But 'accordance with existing theology, tradition, scipture and doctrine' goes for practically ALL religions. So all of them are more likely to be correct (and only one can be the MORE likely correct).

Now what?



posted on Oct, 5 2010 @ 10:45 AM
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reply to post by adjensen
 




Unless you are of the mind that we create our own realities and that God, to us, becomes whatever we want him to be (in which case, I'd ask you to support that claim -- I've seen a number of people who believe this, but they can never sustain that belief,) then religion is a quest for the truth, and there is, can only be, one truth. As I said, if one merely imagines a reality, without any basis, that is counter to established belief and thought, the likelihood that this is the one truth is, effectively, zero.


No, we don't create our God or change him in any way. What we understand of reality is far from what we eventually will understand of reality. Yes, you said it when you mentioned 'truth', which is what I seek. But not because someone else tells me that it is the truth, but because I know it is.That is my goal, to find the truth. Do you believe you can have a relationship with God? Do you believe that He can "speak" to you? If so, why is it so hard to believe that one can connect with God without the need for faith in a religion and doctrine, but rather faith in a personal way? Also, I never said that my beliefs stand completely aside from any religion. Much of what I believe can in fact be found in religions. However, my beliefs will not or ever be confined to religion. I can't be true to myself and search for my answers if my hands are proverbially tied.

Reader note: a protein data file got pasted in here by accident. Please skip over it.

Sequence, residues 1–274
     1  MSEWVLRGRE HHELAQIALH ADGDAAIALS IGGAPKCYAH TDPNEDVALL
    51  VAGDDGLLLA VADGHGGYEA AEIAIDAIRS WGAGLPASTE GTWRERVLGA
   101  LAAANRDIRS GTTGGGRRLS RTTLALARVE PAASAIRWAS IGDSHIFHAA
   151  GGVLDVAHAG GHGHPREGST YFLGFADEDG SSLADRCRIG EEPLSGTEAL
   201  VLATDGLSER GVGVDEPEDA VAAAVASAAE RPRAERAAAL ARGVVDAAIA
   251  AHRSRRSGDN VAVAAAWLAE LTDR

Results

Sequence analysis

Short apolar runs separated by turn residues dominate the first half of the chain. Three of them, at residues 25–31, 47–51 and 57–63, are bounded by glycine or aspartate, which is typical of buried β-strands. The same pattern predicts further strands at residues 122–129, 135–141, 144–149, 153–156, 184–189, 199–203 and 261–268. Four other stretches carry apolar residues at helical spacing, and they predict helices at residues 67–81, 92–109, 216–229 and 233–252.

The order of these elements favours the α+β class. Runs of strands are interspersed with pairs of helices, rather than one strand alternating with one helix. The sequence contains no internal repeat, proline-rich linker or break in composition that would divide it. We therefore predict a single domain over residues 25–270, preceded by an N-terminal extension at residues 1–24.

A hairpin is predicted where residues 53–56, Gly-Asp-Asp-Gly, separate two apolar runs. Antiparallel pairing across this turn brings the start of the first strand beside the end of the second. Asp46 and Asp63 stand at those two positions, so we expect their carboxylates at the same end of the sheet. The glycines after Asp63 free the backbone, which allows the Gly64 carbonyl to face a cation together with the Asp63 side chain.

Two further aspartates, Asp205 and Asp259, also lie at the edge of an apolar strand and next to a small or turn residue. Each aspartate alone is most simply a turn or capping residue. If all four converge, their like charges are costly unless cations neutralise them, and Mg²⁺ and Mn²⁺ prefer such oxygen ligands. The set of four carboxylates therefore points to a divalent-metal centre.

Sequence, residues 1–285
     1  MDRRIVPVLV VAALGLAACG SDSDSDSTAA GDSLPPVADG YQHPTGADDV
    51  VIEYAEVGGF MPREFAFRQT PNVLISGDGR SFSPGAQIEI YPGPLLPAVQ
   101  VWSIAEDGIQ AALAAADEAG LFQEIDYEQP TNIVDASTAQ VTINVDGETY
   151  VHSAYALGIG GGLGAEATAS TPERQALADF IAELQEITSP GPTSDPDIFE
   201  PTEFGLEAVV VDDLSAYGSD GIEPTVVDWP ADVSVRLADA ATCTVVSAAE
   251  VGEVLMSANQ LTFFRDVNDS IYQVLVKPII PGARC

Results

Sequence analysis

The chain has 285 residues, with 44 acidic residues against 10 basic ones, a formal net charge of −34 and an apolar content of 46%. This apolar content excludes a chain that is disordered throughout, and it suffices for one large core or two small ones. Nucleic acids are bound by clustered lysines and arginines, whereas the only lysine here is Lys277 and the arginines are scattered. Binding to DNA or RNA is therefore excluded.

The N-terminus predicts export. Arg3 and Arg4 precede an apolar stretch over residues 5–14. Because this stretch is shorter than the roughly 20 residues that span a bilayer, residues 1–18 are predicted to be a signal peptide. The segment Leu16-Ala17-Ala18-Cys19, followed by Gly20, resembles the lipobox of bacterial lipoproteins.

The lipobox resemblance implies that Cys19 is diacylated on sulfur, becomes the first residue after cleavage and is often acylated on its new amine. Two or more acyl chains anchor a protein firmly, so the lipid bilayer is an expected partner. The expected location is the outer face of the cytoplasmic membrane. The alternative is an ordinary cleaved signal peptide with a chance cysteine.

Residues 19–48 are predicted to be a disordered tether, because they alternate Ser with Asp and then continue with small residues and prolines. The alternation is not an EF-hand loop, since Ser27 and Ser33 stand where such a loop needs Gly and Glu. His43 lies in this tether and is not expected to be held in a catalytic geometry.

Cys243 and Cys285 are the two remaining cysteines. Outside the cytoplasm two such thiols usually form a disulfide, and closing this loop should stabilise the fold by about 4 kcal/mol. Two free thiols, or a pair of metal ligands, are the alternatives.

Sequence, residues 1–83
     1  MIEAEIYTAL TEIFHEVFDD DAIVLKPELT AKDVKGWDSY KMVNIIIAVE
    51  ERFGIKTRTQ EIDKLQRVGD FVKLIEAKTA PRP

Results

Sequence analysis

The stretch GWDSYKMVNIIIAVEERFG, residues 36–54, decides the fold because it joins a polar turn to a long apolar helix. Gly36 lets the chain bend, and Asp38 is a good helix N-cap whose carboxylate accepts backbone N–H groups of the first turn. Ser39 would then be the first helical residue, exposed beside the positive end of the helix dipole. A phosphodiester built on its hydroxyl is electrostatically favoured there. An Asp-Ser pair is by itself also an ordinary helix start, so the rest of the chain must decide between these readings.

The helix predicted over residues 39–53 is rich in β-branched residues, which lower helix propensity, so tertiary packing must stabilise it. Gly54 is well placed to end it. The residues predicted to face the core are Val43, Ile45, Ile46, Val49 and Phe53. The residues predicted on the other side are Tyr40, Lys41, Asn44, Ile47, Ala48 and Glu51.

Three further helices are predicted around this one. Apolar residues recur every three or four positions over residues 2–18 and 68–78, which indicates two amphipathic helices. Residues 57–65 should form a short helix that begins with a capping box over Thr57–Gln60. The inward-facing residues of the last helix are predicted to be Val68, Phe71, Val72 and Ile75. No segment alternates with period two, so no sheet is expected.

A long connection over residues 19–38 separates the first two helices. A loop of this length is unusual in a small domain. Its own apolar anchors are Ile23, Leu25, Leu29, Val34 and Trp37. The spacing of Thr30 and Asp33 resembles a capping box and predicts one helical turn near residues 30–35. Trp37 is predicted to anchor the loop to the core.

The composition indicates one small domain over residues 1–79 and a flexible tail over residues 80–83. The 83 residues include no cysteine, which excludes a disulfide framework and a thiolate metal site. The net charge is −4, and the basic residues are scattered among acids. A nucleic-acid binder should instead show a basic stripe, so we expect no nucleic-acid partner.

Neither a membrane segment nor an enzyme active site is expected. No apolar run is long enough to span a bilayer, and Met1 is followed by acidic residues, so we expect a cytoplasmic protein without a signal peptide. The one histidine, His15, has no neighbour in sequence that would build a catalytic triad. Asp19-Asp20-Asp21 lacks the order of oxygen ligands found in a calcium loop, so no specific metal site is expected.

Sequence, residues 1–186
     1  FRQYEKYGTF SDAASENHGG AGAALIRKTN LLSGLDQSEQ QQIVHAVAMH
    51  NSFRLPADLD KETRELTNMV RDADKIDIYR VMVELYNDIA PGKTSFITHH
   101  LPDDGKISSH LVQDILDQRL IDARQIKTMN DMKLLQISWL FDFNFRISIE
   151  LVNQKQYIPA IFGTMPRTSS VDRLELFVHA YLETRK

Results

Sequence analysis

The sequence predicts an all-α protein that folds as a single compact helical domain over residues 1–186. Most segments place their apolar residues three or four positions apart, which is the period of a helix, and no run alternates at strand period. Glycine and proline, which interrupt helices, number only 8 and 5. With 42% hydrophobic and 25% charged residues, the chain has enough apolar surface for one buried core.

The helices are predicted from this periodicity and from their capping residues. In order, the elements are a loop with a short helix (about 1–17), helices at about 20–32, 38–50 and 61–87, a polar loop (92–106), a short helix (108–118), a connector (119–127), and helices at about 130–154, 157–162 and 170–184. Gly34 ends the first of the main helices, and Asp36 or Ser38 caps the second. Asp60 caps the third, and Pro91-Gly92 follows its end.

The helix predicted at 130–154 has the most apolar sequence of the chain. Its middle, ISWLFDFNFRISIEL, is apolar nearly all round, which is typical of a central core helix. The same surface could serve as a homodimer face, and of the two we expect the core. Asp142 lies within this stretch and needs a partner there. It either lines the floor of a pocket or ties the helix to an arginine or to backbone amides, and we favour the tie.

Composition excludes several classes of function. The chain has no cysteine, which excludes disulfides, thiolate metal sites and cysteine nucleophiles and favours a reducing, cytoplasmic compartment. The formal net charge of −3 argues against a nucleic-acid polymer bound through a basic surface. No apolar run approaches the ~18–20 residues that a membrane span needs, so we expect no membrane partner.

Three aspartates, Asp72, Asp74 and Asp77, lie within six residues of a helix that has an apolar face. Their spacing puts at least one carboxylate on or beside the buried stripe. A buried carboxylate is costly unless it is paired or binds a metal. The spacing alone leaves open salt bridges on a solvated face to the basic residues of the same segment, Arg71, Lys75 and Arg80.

posted on Oct, 5 2010 @ 10:53 AM
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Originally posted by bogomil
adjensen wrote:

"Put another way -- if I arbitrarily adopt a set of beliefs, when challenged I won't be able to say much other than "It seems right to me." If my set of beliefs, however, is in accordance or in harmony with existing theology, tradition, scripture and doctrine, I have a reasonable defense, and my faith is more likely to be correct. Not necessarily correct, mind you, just more likely to be."

But 'accordance with existing theology, tradition, scipture and doctrine' goes for practically ALL religions. So all of them are more likely to be correct (and only one can be the MORE likely correct).

Now what?


That is where one's faith, arrived at directly or indirectly, becomes the final arbiter. I have spent a fair bit of time studying Christianity and Judaism, and some, but not a lot, studying Hinduism, and I find that my personal faith, my real life experiences, points me to Christianity as the religion which is most correct, closest to the truth. I can defend that theologically, I can call up tradition, doctrine and scripture to support it, but in the end, I am convinced by my own mind.